Micha took the next day off and we explored the sights and sounds and tastes of Vienna. We started with the Leopold Museum, which houses work by various Austrian artists, including Mr. Gustav Klimt.
I learned about two very interesting Austrian artists there: Anton Kolig and Egon Schiele. I loved Kolig’s use of thick brush strokes, which almost seem to animate his paintings. And like Micha says, it conveys inner details of the individuals being painted that a realism piece never could. In a way, it’s more intimate that way.
Schiele was a fascinating individual whose life came to a tragic end days after his wife passed away. He sadly died at the age of 28, but not before leaving behind a ridiculous lengthy oeuvre for someone his age. He regarded Klimt as a sort of mentor, but Klimt regularly insisted that Schiele was in fact a far superior artist.
There wasn’t very much by Klimt here, but they did have one of my favourites: Death and Life.
They also had a few other notable pieces.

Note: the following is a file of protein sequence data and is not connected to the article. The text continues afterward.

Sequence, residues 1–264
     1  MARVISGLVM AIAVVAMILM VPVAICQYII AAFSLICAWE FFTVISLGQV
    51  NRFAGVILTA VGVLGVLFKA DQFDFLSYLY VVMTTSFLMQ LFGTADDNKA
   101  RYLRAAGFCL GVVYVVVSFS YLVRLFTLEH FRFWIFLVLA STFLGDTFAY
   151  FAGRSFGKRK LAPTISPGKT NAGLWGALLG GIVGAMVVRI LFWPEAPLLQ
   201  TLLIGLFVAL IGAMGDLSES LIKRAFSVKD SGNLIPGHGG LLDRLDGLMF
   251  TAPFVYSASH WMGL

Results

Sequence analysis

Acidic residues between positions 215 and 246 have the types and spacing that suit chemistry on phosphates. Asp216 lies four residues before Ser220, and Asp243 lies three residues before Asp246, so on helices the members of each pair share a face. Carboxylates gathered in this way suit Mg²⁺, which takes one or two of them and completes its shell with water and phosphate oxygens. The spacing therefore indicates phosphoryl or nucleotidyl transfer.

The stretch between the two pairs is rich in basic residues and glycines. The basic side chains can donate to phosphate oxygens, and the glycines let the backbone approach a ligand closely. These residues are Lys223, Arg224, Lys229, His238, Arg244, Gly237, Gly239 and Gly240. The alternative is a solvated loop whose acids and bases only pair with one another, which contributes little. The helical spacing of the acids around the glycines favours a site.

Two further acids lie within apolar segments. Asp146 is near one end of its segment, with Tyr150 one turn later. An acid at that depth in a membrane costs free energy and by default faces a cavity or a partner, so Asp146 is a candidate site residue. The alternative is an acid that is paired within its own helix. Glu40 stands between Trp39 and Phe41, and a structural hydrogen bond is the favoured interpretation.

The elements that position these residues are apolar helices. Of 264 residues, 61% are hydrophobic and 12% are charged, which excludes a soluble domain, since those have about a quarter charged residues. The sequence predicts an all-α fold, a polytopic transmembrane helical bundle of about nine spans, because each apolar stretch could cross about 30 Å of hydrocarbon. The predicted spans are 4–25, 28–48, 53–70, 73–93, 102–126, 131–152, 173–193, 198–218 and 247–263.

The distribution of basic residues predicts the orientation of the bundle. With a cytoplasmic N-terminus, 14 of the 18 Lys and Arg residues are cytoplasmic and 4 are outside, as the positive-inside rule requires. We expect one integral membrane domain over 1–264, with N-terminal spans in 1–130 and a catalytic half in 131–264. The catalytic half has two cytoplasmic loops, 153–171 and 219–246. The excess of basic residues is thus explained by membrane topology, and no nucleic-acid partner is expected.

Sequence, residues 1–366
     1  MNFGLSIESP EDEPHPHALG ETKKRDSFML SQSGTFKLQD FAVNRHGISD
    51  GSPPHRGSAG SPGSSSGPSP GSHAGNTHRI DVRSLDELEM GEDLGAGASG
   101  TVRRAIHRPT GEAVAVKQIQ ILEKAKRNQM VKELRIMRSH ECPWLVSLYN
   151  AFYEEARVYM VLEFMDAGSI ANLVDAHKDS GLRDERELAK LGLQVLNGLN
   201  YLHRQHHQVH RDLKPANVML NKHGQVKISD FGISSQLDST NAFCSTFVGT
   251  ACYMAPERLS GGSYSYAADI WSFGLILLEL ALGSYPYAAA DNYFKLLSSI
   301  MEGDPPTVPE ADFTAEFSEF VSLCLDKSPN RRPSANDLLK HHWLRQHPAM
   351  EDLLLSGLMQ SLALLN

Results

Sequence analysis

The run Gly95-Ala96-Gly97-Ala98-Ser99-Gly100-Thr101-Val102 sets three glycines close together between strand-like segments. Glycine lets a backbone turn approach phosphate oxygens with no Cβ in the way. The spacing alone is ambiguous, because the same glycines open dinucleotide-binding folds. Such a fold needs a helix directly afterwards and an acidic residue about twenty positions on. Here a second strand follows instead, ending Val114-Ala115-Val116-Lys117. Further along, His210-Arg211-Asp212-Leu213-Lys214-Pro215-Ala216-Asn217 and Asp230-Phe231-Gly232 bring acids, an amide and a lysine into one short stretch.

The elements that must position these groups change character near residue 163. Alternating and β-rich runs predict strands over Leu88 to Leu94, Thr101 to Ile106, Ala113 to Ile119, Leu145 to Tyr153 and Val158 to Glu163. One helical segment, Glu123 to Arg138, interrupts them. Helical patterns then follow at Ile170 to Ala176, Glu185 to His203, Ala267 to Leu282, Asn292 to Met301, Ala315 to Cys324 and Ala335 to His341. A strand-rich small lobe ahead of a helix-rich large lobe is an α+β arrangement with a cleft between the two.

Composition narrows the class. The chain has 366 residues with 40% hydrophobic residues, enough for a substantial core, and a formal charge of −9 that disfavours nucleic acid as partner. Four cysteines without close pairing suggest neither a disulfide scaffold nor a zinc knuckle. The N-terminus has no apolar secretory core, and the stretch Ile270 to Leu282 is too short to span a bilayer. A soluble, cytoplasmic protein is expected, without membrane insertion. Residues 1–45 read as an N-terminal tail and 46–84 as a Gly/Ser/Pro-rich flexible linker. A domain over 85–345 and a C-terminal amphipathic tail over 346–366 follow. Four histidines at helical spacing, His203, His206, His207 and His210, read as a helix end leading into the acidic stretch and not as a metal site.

And a few other random ones that caught my eye. I don’t remember the artists behind these pieces.
Next, Micha took us to this ominous looking building that now houses an aquarium, but was once a Nazi-occupied tower with armed lookout guards. What’s even weirder is that there’s a playground right at the foot of the building. It felt so weird. That’s like turning a mass graveyard into a public swimming pool. Just tear the damn thing down.
The beautiful Karlskirche. We refused to pay eight euros to enter, but at least we got a free Metallica show out of it.
With seven hours of walking behind us, we decided to call it a day and head for home. On tap for the evening: Wubba lubba dub dub! More Rick and Morty!